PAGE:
London -- Broadband World Forum 2016 -- Formula One Grand Prix (F1 GP) racing is a brutally competitive sport, and for smaller teams such as Williams Martini, keeping up with new technology and car performance is a challenge.
According to Williams CIO Graeme Hackland, larger F1 teams such as Ferrari and Mercedes have two to three times the staff and technology budget that his organization does, but they still have to keep up and be competitive. Speaking at the Broadband World Forum in London this week, he laid out the evolution of IT in F1 GP, starting with 1979, when it took 20 minutes to download data from one lap. He described 1989 as a watershed year for F1 racing, when they transitioned from a 64KB "black box" to a (gasp!) 256KB unit, which could now track gear box data, traction control and anti-lock braking performance. All the data gathered fit on a floppy drive, but it was four times what they had in the past.
Much has changed in the world of F1 since. Given the importance of millisecond improvements in car performance, it is now one of the most data-centric sports (and perhaps even industries) in the world. As such, it is a leader in the big data revolution currently fueling enterprise IT investment today.
Hackland was brought into Williams in 2013, when team performance had fallen dramatically year-over-year. The previous year had been a historic one for the team, winning the Spanish Grand Prix, and optimism was high at the beginning of 2013. The team has a long and successful history in F1, with drivers such as Alain Prost, Nigel Mansell and Damon Hill all winning championships in its cars, and performing well is very important to the team's owners.
But the car failed to perform in 2013, and the owners decided urgent changes were needed. The company had previously seen IT as largely separate from car performance, where costs needed to be minimized. But now it became an important contributor to the cars' performance, and a major digital transformation program kicked off.
Hackland stressed that F1 racing was a constant series of iterations, where car development was always ongoing. But this process was not extended to the factory. Today, 10GB of data is generated every Friday before a race (during race practice), and over a three-day race weekend, the team generates about 60GB of data just on car performance. That doesn't include video analytics, gained from broadcasters and the FIA (Fédération Internationale de l'Automobile) and provided to all teams. And then there's weather data, tire performance metrics, analysis of competitors and their performance and driver comments.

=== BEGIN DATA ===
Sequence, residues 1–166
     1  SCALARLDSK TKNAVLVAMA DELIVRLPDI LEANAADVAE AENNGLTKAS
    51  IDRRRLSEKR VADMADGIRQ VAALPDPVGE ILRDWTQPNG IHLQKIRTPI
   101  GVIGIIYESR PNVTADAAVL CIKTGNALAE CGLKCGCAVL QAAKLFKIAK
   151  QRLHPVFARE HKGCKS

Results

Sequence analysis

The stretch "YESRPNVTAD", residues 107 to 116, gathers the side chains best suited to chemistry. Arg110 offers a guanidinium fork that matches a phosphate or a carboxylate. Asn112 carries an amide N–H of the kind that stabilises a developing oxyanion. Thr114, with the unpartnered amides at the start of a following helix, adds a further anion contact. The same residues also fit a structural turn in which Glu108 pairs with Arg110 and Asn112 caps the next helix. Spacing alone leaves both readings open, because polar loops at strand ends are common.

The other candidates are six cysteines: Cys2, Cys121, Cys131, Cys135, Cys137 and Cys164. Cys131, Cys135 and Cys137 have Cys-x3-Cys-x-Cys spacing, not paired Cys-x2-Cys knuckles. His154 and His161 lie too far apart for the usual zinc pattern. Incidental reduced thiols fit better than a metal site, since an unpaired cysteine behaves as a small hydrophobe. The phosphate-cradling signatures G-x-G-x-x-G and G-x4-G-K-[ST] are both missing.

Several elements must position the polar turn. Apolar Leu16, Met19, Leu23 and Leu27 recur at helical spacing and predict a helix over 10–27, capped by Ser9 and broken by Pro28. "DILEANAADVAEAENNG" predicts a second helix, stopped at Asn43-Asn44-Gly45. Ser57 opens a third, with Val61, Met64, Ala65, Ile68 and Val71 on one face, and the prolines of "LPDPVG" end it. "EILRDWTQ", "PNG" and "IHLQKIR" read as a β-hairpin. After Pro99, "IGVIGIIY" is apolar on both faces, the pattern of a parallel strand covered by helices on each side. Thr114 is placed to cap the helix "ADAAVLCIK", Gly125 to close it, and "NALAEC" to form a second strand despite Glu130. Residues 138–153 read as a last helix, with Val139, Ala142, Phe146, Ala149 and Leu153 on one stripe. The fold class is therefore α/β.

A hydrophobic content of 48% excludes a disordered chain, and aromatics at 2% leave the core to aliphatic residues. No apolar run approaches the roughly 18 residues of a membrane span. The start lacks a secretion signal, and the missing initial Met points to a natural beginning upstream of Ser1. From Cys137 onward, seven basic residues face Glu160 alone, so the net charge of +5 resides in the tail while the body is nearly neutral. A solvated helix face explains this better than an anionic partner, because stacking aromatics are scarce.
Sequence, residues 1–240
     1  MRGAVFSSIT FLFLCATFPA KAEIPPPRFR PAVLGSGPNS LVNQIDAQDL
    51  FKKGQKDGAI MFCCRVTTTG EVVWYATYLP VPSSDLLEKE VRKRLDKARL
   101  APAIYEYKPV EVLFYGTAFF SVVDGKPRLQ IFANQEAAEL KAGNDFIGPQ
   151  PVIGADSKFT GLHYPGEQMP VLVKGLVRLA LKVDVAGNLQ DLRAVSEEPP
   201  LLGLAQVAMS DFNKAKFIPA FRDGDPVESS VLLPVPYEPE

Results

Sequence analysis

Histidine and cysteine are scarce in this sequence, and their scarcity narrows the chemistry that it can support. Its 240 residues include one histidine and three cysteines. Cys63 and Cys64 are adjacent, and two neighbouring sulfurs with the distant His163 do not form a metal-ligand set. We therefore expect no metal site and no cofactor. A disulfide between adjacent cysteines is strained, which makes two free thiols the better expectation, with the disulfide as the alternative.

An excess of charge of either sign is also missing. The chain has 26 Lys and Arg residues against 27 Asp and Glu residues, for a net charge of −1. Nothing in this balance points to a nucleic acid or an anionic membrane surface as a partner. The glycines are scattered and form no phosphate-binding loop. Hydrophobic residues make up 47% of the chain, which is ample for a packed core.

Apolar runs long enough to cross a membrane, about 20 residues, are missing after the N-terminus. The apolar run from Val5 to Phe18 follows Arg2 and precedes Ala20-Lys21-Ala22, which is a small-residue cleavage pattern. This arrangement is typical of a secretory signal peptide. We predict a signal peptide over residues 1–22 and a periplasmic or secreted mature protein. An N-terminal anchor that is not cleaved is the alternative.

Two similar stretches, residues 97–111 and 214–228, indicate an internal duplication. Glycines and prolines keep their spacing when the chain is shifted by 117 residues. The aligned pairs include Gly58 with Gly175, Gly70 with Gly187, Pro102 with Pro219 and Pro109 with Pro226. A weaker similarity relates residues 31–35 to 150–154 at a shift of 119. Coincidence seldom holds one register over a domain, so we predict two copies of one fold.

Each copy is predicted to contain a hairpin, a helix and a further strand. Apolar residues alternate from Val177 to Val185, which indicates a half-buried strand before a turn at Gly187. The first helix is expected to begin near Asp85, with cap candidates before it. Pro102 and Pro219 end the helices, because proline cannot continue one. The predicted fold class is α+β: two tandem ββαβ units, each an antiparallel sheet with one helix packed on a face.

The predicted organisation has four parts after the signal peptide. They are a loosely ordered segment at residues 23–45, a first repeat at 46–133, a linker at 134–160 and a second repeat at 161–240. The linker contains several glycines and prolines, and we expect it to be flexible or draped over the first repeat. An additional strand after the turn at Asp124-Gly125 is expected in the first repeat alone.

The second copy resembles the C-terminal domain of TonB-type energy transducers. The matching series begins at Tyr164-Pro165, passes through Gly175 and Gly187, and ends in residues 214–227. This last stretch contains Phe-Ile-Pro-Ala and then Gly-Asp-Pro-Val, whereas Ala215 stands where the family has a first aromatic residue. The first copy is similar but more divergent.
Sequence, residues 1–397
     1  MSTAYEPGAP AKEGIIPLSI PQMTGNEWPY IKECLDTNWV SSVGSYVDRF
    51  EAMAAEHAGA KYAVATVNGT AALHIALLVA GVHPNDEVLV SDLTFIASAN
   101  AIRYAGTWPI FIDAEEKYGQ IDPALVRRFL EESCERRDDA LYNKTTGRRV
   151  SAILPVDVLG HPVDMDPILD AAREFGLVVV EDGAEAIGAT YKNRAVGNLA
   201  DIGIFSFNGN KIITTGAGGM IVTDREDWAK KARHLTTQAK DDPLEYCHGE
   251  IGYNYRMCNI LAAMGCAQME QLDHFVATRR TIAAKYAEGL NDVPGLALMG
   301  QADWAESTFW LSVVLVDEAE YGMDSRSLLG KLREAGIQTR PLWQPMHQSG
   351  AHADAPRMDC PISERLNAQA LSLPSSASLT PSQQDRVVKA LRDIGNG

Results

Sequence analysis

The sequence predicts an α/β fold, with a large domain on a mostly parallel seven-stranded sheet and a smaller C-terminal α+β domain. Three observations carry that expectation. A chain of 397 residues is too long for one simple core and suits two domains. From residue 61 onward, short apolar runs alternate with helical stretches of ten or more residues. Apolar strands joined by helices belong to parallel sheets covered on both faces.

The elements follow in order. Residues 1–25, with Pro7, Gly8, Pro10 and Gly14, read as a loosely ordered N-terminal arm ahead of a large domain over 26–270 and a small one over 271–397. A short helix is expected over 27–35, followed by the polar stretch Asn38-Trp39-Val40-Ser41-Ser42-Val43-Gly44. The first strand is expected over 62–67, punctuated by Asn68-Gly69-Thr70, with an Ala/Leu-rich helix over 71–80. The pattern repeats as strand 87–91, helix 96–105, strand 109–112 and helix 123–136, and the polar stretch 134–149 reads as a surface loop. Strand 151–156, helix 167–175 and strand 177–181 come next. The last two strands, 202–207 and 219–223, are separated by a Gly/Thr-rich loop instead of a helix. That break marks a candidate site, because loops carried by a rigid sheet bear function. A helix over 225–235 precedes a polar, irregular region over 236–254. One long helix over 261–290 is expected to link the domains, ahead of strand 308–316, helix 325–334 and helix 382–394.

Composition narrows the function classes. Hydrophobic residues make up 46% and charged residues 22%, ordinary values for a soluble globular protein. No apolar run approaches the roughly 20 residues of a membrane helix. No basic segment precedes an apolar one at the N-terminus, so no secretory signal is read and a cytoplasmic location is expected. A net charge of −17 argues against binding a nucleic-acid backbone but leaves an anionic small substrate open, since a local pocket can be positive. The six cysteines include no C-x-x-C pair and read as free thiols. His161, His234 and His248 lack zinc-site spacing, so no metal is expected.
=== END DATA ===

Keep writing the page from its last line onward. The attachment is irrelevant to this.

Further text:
One of the biggest challenges the team faced was that real-time data was not available to the larger team back at their factory and headquarters. This meant the largest brains trust within the company wasn't able to analyze data and suggest changes in the configuration of the car during the race weekend. Video analytics were a huge problem, as they could only be delivered overnight. This meant that findings based on practice could not be implemented in time for the race.
The biggest challenge for Williams -- and indeed any team -- was that many F1 tracks are located well outside urban areas. Connectivity was a huge problem, with latency issues even for conference calls. A key objective for Hackland was to make the team at the factory able to access performance data, run simulations and contribute ideas to the car set-up as if they were track side. Video analytics were a particularly important part of this.
Hackland signed a major networking deal with BT to use it for high-performance networking and cloud services, assuring faster connectivity and data transfer. Williams now has access to a 100Mbit/s MPLS network offering symmetric speeds between Williams' Grove factory and 21 F1 tracks worldwide.
This has not only allowed engineers at the team's headquarters to access and analyze race data in real time, it has also allowed them to be anywhere in the world and still be able to do their jobs. Hackland talked about how Williams' chief engineer was even able to access data while on holiday on a beach in Spain.
It's also dramatically reduced the amount of IT equipment the team has to carry to each race, with much of heavy lifting now done in the cloud and back home, at Williams' headquarters. In fact, the engineers now see the footage faster than live broadcasts on TV. They can now review real-time video analytics on their own cars, competitor cars where FIA regulations permit, and send changes to the track in real time, allowing for improved car performance.
Williams has seen immediate results from these IT investments. The team moved from ninth position in 2013 in the constructors' championship, to third in 2014. More recently, the team has been performing well and is in the top five for the 2016 championship. While the days of Prost, Hill and Mansell may not be around the corner, Williams is doing its best to keep up with the big boys.
The role of video analytics is especially interesting to me, as video becomes more pervasive in the enterprise. This is a good example of productive video being used by organizations to help improve productivity and performance, and highlights the potential for operators to help enable these use cases. (See Defining Productive Video.)
— Aditya Kishore, Practice Leader, Video Transformation, Telco Transformation